13 Group Decision Making

13 Group Decision Making - Study Question # 4 Juries in...

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Study Question # 4 – Juries in criminal trials must reach a unanimous decision about the guilt or innocence of a defendant. Use what you learned in class today and from the text to explore how each of the group processes below would impact the quality of decisions made by juries. For instance, would it contribute better or worse decisions ? Would it help or hinder the jury in reaching a verdict ? Majority Influence, Minority Influence, Group Polarization. I) Majority Influence: there is a majority in a group when a majority of its members share the same opinion before discussing their opinions within the group. In jury cases it would be the opinion of whether or not the defendant is guilty. a. If these people, the majority of whom hold the same opinion, get together to discuss the trial as a group there would end up being a lot of pressure and influence forced upon everyone to agree with this majority opinion. b. Those who do not already hold the majority opinion will probably be influenced in sharing that opinion by: i.Informational Influence: 1. Since the majority of the group members hold an opinion that opinion is going to end up getting more air time in the group than any other opinion. Not only will everyone get more time to hear about it and hear about it from more people, which would seem to give more legitimacy to the argument, but everyone would also hear more sides of the same argument, different ways that the opinion is right. All of this information given to one opinion over others would probably make that opinion seem more convincing than others. ii.Normative Influence: 1. Once the majority members find out that most of the people in the group share their opinion they will probably all join together and come down hard on those who don’t. This means using social pressures to all dissenters change their opinion to that held by the majority. This can be done making it apparent that the reward of group acceptance and the punishment of negative evaluation and group ostracism are based upon agreeing with the majority opinion. If dissenters still don’t budge then the group would probably just exclude them from the discussion and generally ostracize them. Lastly, if that does not change dissenter’s view the group could make use of their power in numbers and just take a vote, which, in effect, would null any minority opinions. This last step, of course, could not be done if the jury had to arrive at a unanimous decision, but if that were the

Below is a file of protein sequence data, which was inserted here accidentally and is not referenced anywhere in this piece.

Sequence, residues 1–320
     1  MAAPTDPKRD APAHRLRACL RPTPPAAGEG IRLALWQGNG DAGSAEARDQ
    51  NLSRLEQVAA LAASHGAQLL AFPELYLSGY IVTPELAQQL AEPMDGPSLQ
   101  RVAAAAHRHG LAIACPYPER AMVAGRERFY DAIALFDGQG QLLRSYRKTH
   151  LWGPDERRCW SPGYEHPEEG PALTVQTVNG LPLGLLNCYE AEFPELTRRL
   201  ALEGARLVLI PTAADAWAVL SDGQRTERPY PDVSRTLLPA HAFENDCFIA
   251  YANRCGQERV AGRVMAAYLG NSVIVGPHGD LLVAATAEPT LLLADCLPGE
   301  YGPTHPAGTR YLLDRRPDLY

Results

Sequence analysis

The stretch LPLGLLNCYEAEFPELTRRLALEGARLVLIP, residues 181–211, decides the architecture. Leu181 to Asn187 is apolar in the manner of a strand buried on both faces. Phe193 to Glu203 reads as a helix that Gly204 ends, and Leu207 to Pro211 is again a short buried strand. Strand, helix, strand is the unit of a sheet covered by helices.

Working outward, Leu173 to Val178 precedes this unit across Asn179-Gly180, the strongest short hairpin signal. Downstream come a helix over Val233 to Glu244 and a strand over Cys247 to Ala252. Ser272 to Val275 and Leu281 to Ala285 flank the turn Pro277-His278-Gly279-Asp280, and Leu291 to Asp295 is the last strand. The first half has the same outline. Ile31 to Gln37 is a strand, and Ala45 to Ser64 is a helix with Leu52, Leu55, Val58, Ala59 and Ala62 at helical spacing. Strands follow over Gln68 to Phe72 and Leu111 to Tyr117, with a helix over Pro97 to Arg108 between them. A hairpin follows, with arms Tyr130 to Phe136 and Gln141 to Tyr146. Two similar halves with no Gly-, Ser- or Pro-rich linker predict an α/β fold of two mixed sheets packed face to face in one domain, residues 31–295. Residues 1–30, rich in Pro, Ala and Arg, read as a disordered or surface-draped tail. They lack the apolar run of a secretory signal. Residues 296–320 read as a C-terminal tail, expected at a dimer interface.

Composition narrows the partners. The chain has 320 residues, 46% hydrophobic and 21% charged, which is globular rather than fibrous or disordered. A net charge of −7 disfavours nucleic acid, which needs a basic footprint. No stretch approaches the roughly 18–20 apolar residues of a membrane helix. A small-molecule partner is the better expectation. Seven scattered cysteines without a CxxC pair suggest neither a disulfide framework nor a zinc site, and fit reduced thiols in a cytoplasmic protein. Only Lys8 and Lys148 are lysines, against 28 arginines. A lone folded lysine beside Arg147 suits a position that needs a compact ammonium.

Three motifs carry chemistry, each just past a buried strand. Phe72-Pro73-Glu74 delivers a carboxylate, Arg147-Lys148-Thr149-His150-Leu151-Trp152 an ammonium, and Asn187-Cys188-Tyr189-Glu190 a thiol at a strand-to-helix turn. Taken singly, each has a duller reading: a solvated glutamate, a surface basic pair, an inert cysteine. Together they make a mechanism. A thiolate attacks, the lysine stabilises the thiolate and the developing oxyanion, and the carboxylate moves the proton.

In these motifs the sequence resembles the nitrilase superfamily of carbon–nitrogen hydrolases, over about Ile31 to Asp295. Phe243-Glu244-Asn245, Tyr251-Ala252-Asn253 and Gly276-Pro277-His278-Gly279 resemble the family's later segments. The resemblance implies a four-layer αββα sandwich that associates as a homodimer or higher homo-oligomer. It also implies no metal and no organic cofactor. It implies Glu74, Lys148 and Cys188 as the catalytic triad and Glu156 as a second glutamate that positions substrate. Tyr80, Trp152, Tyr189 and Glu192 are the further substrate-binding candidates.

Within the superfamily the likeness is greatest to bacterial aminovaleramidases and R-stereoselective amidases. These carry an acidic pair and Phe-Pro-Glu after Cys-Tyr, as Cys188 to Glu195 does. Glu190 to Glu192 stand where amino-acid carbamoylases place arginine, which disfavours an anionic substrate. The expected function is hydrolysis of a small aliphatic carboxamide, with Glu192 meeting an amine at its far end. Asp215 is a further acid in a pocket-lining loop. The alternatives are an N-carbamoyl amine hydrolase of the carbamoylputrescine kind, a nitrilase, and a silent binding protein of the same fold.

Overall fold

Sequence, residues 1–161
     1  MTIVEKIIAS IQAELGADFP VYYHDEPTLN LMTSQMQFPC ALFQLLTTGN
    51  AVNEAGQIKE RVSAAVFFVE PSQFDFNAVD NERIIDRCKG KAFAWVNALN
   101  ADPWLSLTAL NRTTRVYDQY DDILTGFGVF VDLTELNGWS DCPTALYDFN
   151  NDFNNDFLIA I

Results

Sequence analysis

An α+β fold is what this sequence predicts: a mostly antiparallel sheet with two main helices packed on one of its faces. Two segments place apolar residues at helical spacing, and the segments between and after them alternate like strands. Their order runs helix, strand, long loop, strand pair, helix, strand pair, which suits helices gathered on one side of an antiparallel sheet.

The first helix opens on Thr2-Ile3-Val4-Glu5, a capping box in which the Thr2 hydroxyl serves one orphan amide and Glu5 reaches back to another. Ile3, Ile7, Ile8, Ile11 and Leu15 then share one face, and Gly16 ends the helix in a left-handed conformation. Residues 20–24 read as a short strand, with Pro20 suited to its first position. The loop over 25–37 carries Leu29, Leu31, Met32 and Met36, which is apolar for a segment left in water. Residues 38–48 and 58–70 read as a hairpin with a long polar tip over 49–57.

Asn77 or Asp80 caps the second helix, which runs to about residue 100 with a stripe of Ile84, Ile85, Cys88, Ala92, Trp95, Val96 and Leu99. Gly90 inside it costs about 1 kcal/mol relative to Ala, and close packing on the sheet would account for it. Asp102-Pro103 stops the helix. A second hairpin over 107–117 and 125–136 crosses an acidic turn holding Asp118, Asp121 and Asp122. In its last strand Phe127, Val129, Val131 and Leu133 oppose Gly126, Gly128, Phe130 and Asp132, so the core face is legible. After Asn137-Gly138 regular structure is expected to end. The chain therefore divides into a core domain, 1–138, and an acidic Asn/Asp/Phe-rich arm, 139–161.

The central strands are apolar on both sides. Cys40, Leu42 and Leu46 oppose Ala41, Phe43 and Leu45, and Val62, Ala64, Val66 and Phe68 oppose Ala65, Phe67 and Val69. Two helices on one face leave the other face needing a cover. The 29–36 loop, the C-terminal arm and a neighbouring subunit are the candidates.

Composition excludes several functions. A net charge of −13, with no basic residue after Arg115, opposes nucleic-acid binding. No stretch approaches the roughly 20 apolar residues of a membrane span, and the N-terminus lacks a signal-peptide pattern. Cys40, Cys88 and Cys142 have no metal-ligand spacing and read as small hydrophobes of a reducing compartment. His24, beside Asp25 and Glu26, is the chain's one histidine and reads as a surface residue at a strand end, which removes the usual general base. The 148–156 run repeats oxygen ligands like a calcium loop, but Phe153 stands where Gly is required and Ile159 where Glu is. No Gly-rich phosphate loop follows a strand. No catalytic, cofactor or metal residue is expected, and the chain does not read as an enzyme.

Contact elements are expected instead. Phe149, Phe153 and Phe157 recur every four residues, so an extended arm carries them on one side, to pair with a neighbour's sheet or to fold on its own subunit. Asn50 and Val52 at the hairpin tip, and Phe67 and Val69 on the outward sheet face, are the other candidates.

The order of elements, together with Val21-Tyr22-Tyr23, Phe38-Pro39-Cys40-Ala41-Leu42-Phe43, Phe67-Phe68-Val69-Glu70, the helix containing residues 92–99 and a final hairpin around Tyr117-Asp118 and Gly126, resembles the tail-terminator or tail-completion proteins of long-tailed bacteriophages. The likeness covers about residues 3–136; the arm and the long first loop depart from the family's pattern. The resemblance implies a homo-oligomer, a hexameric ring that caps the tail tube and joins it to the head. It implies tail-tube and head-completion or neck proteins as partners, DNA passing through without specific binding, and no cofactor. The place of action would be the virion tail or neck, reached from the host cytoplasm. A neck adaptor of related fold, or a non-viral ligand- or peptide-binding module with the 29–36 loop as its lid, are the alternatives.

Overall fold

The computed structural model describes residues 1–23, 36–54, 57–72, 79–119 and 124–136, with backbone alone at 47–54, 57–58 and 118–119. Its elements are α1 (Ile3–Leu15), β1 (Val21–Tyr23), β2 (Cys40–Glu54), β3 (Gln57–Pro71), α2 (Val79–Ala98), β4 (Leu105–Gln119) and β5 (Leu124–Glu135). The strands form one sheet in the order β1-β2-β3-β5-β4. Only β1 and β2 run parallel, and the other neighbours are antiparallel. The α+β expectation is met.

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This note was uploaded on 04/17/2008 for the course PSC 3080 taught by Professor Mccreary during the Fall '05 term at CSU Stanislaus.

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13 Group Decision Making - Study Question # 4 Juries in...

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